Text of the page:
>> popular case during debugging is having a half-transparent fullscreen
>> window for stimulus presentation, but behind that window the whole
>> regular GUI with the code editor and debugger in the background, so one
>> can set breakpoints etc. - The window is made transparent for mouse and
>> keyboard input, so users can interact with the editor.
>> So in most cases i need a display server running, because i sometimes
>> need compositing and i often need a fully functional GUI during at the
>> at least 50% of the work time where users are debugging and testing
>> their code and also don't want to be separated from their e-mail clients
>> and web browsers etc. during that time.
> You could have your desktop session on a different VT than the
> experiment program, and switch between. Or have multiple outputs, some
> dedicated for the experiment, others for the desktop. The same for
> input devices.
> Or if your infrastructure allows, have X11, Wayland, and direct DRM/KMS
> backends choosable at runtime.
> But yes, it starts getting complicated.
Always depends how easy that is for the user. E.g., if there's one
dual-head gpu installed in the machine, i don't know if it would be
easily possible to have one display output controlled by a compositor,
but the other output controlled directly by a gbm/drm/kms client. In the
past only one client could be a drm master on a drm device file.
Anyway, as soon as my average user has to start touching configuration
files, it gets complicated. Especially if different distros use
different ways of doing it.
>>> Why not take the display server completely out of the equation?
>>> I understand that some years ago, it would probably not have been
>>> feasible and X11 was the de facto interface to do any graphics.
>>> However, it seems you are already married to DRM/KMS so that you get
>>> accurate timing feedback, so why not port your experiment programs
>>> (the framework) directly on top of DRM/KMS instead of Wayland?
>> Yes and no. DRM/KMS will be the most often used one and is the best bet
>> if i need timing control and it's the one i'm most familiar with. I also
>> want to keep the option of running on other backends if timing is not of
>> much importance, or if it can be improved on them, should the need arise.
>>> With Mesa EGL and GBM, you can still use hardware accelerated openGL if
>>> you want to, but you will also be in explicit control of when you
>>> push that rendered buffer into KMS for display. Software rendering by
>>> direct pixel poking is also possible and at the end you just push that
>>> buffer to KMS as usual too. You do not need any graphics card specific
>>> code, it is all abstracted in the public APIs offered by Mesa and
>>> libdrm, e.g. GBM. The new libinput should make hooking into input
>>> devices much less painful, etc. All this thanks to Wayland, because on
>>> Wayland, there is no single "the server" like the X.org X server is.
>>> There will be lots of servers and each one needs the same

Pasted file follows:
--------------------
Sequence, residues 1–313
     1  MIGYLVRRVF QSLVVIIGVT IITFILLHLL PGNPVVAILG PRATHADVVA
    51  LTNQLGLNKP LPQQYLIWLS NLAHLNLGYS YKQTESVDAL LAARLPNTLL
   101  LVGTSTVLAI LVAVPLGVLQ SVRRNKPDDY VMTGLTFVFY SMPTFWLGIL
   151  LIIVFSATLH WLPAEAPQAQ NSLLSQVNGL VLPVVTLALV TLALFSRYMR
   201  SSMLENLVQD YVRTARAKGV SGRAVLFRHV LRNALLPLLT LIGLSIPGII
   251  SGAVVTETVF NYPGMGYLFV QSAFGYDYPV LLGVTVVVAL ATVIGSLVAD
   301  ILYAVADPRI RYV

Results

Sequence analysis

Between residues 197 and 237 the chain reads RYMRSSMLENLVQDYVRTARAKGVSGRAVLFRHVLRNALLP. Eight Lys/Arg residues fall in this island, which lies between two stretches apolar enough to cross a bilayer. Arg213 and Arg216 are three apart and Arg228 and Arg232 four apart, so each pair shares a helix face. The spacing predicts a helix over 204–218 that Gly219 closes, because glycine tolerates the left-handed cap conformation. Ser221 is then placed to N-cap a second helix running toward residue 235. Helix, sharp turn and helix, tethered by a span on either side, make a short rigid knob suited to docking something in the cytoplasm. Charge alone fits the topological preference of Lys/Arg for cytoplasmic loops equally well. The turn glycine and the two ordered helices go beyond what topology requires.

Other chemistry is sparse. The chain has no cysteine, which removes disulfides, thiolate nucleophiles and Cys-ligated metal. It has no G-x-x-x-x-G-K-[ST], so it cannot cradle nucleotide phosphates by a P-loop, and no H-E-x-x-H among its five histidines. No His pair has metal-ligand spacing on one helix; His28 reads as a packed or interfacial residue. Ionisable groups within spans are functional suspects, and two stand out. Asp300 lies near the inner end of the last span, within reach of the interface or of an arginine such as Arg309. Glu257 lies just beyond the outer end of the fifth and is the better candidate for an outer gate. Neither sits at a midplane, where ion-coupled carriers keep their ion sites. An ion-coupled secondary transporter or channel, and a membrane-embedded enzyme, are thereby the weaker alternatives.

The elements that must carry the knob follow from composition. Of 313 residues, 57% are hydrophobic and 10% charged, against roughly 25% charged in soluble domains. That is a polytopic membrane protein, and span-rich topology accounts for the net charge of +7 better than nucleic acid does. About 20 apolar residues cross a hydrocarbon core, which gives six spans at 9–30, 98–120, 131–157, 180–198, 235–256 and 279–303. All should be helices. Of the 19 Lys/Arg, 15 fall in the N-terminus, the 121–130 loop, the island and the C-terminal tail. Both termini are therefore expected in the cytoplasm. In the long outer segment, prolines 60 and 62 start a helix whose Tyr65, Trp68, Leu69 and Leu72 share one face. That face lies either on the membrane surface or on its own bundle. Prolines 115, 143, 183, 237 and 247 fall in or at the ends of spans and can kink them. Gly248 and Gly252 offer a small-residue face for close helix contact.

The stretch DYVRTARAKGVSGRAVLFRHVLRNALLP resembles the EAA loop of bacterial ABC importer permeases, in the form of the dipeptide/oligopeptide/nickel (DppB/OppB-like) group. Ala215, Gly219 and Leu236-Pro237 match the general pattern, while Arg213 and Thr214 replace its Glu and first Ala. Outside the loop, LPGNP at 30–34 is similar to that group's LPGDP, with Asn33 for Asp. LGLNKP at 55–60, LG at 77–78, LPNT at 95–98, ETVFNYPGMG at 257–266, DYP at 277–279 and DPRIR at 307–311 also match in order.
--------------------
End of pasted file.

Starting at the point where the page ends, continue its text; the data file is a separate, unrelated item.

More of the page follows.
>>> infrastructure you would need to run without a display server.
>>> No display server obfuscating your view to the hardware, no
>>> compositing manager fiddling with your presentation, and most likely no
>>> random programs hogging the GPU at random times. Would the trade-off
>>> not be worth it?
>> I thought about EGL/GBM etc. as a last resort for especially demanding
>> cases, timing-wise. But given that the good old X-Server was good enough
>> for almost everything so far, i'd expect Wayland to perform as good as
>> or better timing-wise. If that turns out to be true, it would be good
>> enough for hopefully almost all use cases, with all the benefits of
>> compositing and GUI support when needed, and not having to reimplement
>> my own display server. E.g., i'm also using GStreamer as media backend
>> (still 0.10 though) and while there is Wayland integration, i doubt
>> there will be Psychtoolbox integration. Or things like Optimus-style
>> hybrid graphics laptops with one gpu rendering, the other gpu
>> displaying. I assume Wayland will tackle this stuff at some point,
>> whereas i'm not too keen to potentially learn and tackle all the ins and
>> outs of rendernodes or dmabuf juggling.
> I never meant you would need to implement a display server, just each
> of the sensitive programs presenting directly to the DRM/KMS, one at a
> time. The only IPC you might need is to ad hoc communicate with a
> controlling application that runs on a normal display server. :-)
That would be difficult in my case.
> Of course, making Wayland at least as "good" as the X.org X server for
> X11 is is preferrable, but at the same time we specifically drop some
> features like clients' ability to arbitrarily hold the server as a
> hostage with locks and grabs. With presentation and timings, I am trying
> to avoid "urgent protocol messages" that refer to something happening
> "right now", or at least to not rely on them too much.
> Gstreamer probably won't have Psychtoolbox integration indeed, unless
> you make it happen yourself of pay someone to do it. But I could see
> something like a GBM integration, which would benefit more than just
> Psychtoolbox. Or EGL! EGL is a pretty common interface, and producing
> video frames as EGLImages is something I think Gstreamer might already
> do, at least for some pipelines.
> Optimus support is much more about the kernel drivers, DRM
> infrastructure, and the user space drivers i.e. Mesa, than any display
> server or window system protocol. Again, you could just take advantage